It's IntLawGrrls' great pleasure to welcome Brigid Inder (left), Kate Orlovsky (below right), and Katrina Anderson (below left) as today's guest bloggers.
All 3 work at Women’s Initiatives for Gender Justice, an international women’s human rights organization that advocates for gender justice through the International Criminal Court. Based in The Hague, Women Initiatives: conducts political and legal advocacy for the prosecution of gender-based crimes; advocates for victims’ participation before the ICC and reparations for women victims and survivors of armed conflicts; and engages in peace processes and negotiations. It also operatives extensive country-based capacity building programs and access-to-justice initiatives.
► Brigid is the Executive Director of Women’s Initiatives for Gender Justice. Before founding the organization, she was the Director of Community Legal Centres in New South Wales, Australia, and led HIV/AIDS health promotion, services, and anti-discrimination program at Australia's largest HIV/AIDS Council. Brigid has a background in international politics and advocacy for women’s rights at the United Nations and other global policy arenas, and is currently the President of AWID, the Association for Women’s Rights in Development.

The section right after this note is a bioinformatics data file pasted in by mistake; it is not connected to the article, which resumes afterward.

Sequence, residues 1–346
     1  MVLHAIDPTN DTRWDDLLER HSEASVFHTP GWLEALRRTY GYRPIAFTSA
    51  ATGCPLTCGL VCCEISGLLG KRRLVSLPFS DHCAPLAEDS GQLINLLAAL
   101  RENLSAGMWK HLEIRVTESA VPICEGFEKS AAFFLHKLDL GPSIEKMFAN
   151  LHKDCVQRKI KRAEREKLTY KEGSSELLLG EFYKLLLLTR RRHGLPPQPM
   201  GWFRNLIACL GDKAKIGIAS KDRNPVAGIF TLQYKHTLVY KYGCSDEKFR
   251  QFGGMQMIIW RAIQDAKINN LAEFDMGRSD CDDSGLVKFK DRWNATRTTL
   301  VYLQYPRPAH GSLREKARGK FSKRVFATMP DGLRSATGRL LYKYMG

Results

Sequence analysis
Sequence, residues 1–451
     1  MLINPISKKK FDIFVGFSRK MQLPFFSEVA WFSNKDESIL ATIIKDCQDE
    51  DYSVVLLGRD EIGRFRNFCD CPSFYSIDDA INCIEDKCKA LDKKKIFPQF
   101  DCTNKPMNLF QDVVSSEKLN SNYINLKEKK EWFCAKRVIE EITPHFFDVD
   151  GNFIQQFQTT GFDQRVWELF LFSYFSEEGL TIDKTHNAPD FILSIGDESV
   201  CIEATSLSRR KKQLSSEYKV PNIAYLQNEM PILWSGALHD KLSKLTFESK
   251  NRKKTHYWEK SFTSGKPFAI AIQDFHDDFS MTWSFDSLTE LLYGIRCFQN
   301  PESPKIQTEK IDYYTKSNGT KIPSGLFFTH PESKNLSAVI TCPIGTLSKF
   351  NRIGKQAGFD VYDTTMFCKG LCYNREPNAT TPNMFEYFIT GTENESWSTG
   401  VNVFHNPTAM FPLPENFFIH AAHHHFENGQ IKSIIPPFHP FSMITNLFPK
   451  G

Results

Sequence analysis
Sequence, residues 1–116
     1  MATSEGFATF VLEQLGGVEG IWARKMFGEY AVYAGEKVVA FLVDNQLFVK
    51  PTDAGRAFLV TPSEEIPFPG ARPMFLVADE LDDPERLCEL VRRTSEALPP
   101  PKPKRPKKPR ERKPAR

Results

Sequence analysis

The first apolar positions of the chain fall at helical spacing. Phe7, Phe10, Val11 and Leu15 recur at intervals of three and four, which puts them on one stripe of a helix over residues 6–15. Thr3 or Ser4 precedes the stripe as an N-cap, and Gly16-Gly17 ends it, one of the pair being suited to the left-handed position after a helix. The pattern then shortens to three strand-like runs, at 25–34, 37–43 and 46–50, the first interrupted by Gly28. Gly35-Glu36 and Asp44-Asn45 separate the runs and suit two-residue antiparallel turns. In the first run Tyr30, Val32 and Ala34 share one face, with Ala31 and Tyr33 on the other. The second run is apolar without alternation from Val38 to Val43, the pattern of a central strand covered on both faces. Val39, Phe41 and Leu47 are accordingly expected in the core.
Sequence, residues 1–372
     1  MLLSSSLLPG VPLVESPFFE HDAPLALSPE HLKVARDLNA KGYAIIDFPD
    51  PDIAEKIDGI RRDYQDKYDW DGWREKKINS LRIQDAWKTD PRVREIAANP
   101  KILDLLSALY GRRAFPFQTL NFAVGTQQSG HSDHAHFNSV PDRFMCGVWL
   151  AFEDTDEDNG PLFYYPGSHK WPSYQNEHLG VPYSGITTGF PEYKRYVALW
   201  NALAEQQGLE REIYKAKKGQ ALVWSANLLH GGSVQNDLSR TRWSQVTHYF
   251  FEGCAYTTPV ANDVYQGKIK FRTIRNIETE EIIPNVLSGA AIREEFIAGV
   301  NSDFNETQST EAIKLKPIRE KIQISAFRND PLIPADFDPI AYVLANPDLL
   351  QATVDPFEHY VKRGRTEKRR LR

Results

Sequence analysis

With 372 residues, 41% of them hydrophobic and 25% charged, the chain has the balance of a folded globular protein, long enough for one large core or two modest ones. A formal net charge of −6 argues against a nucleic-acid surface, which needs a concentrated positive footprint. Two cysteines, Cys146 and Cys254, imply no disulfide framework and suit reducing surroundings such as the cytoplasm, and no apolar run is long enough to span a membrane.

► Kate has been a Legal Officer with the Women’s Initiatives for Gender Justice for a little over a year; before that, she consulted for a number of international organizations working on international justice, including the International Center for Transitional Justice, the Coalition for the International Criminal Court, and Human Rights Watch.
► Katrina joined the staff of the Women’s Initiatives for Gender Justice as a Legal Officer this past July. Her previous position was as a Human Rights Attorney at the Center for Reproductive Rights in New York. She has also worked with the War Crimes Research Office at American University’s Washington College of Law, of which IntLawGrrl Susana SáCouto is Director, and with the Documentation Center of Cambodia.
In their guest post below, the 3 set forth a critique of 2 recent rulings that limit the ability of the ICC prosecutor to press a complete set of allegations respecting sexual violence and gender-based crimes.